Powerful tools offer unique insights into the functions of exosomes
Visualizing the dynamics of exosomes at the single particle level using scanning ion conductance microscopy live imaging
Fascinating world of exosomes and their functions
“My research centers on clarifying the functions of exosomes in the human body,” says Hanayama. “Exosomes are 30 to 100 nm sized vesicles that are secreted by many cells. They are messengers of inter-cellular communications networks and we have discovered that the molecules on exosomes are useful as biomarkers.”
Examples of molecules on exosomes include those related to immune suppression and activation, disease proteins, and tumor progression. So exosomes play a major role in cell functions.
Hanayama has observed that exosomes express an anionic phospholipid phosphatidylserine on their surface, which is recognized by MFGE8 and Tim4—phosphatidylserine receptors. But no one has directly visualized what happens next to these exosomes. “Therefore, we believe Bio-SPM technology could give direct insights into the dynamics of individual exosomes,” says Hanayama. “We are using the powerful tool of Tim4 to analyze exosomes.”
Capturing and manipulating high purity exosomes
Hanayama has developed a procedure to capture exosomes using Tim4 via a calcium mediated interaction between Tim4 and phosphatidylserine on the surface of exosomes (Figure 1). Notably, intact exosomes are then isolated from Tim4 by adding calcium chelators such as EDTA. “Our isolation procedure is now available as a kit from FUJIFILM Wako Chemicals,” explains Hanayama. “It’s becoming a standard procedure in Japan.”
This method yields high purity exosomes, thereby enabling the identification of proteins and RNAs on exosomes that cannot be identified using conventional methods . Also, the sensitivity of ELISA assays based on Tim4 for the detection of exosomes is about 1000 times greater than conventional methods (Figure 2).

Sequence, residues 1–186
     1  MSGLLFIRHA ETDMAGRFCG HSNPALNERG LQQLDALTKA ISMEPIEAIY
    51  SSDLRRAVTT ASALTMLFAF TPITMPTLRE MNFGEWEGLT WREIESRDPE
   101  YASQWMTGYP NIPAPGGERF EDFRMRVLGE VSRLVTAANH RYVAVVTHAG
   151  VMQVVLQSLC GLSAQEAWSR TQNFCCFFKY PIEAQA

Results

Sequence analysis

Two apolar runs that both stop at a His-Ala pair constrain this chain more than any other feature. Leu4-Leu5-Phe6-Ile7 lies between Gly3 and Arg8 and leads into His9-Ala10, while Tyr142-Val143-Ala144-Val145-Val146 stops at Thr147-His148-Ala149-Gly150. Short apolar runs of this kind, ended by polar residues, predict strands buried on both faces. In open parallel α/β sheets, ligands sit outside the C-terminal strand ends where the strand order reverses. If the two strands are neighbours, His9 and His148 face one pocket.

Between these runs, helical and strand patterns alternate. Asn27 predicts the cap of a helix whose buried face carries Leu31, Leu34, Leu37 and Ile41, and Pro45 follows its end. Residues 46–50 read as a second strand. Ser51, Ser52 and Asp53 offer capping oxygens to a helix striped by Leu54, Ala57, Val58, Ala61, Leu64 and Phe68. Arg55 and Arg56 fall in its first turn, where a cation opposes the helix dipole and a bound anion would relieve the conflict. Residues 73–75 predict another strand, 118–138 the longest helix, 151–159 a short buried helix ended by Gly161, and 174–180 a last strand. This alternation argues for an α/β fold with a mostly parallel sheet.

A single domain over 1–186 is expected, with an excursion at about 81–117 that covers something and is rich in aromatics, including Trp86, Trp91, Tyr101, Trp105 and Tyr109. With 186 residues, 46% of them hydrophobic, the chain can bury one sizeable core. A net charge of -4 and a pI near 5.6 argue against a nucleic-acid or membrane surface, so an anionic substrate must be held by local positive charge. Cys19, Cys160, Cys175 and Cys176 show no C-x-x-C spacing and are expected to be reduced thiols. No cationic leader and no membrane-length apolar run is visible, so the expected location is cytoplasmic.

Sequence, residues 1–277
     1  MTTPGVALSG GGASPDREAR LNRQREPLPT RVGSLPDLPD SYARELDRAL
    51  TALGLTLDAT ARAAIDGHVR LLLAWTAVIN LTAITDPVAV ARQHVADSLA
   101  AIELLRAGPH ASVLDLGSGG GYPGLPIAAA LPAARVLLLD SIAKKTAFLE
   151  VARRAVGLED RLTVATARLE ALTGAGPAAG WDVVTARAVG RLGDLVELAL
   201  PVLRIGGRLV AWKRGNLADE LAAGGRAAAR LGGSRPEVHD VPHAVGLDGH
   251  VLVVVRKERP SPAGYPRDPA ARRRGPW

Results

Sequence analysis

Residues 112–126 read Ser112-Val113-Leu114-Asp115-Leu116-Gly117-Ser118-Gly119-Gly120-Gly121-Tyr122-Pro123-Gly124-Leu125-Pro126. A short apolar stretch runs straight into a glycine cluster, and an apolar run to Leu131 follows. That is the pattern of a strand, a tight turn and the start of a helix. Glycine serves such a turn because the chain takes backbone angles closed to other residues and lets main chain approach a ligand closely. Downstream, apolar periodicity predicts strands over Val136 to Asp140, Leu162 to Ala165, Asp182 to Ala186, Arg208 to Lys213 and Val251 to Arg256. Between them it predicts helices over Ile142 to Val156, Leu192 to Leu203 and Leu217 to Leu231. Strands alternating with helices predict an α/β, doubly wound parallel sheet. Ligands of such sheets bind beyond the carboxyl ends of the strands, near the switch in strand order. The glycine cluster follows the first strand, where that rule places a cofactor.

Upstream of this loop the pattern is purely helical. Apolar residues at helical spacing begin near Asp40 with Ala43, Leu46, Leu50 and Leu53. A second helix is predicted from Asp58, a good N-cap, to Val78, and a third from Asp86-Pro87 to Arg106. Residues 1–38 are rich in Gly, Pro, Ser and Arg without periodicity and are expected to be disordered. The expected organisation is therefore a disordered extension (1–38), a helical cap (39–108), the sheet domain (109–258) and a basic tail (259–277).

BioSPM for visualizing the dynamics of exosomes at the single particle level
Hanayama is collaborating with experts on Bio-SPM both at the WPI and in England. “Optical microscopes only enable imaging of accumulations of exosomes,” says Hanayama. “We cannot see individual exosomes optically. So we are developing scanning ion conductance microscopy (SICM) for living imaging.
“As a first step, I used Tim4 to capture exosomes and succeeded in label free imaging of exosomes on the cell surface by SICM,” says Hanayama. “The research has just started and our next step is to visualize the dynamics of exosomes at the single particle level by using SICM live imaging.”
A selection of notable publications is “A novel affinity-based method for the isolation of highly purified extracellular vesicles”, Sci Rep  and “High purity isolation and sensitive quantification of extracellular vesicles using affinity to TIM4”, Curr Protoc Cell Biol .
- W. Nakai et al, “A novel affinity-based method for the isolation of highly purified extracellular vesicles”, Sci Rep. 6:33935 (2016). doi: 10.1038/srep33935.
- T. Yoshida et al, “High purity isolation and sensitive quantification of extracellular vesicles using affinity to TIM4”, Curr Protoc Cell Biol. 77:3.45.1-18 (2017). doi: 10.1002/cpcb.32.